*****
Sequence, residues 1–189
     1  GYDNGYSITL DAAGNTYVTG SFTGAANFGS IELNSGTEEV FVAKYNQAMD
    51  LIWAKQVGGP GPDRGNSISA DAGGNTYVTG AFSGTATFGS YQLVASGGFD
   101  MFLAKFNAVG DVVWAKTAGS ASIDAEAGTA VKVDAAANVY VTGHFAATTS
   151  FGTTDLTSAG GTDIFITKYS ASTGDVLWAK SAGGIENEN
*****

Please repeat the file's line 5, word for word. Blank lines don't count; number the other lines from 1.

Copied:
   151  FGTTDLTSAG GTDIFITKYS ASTGDVLWAK SAGGIENEN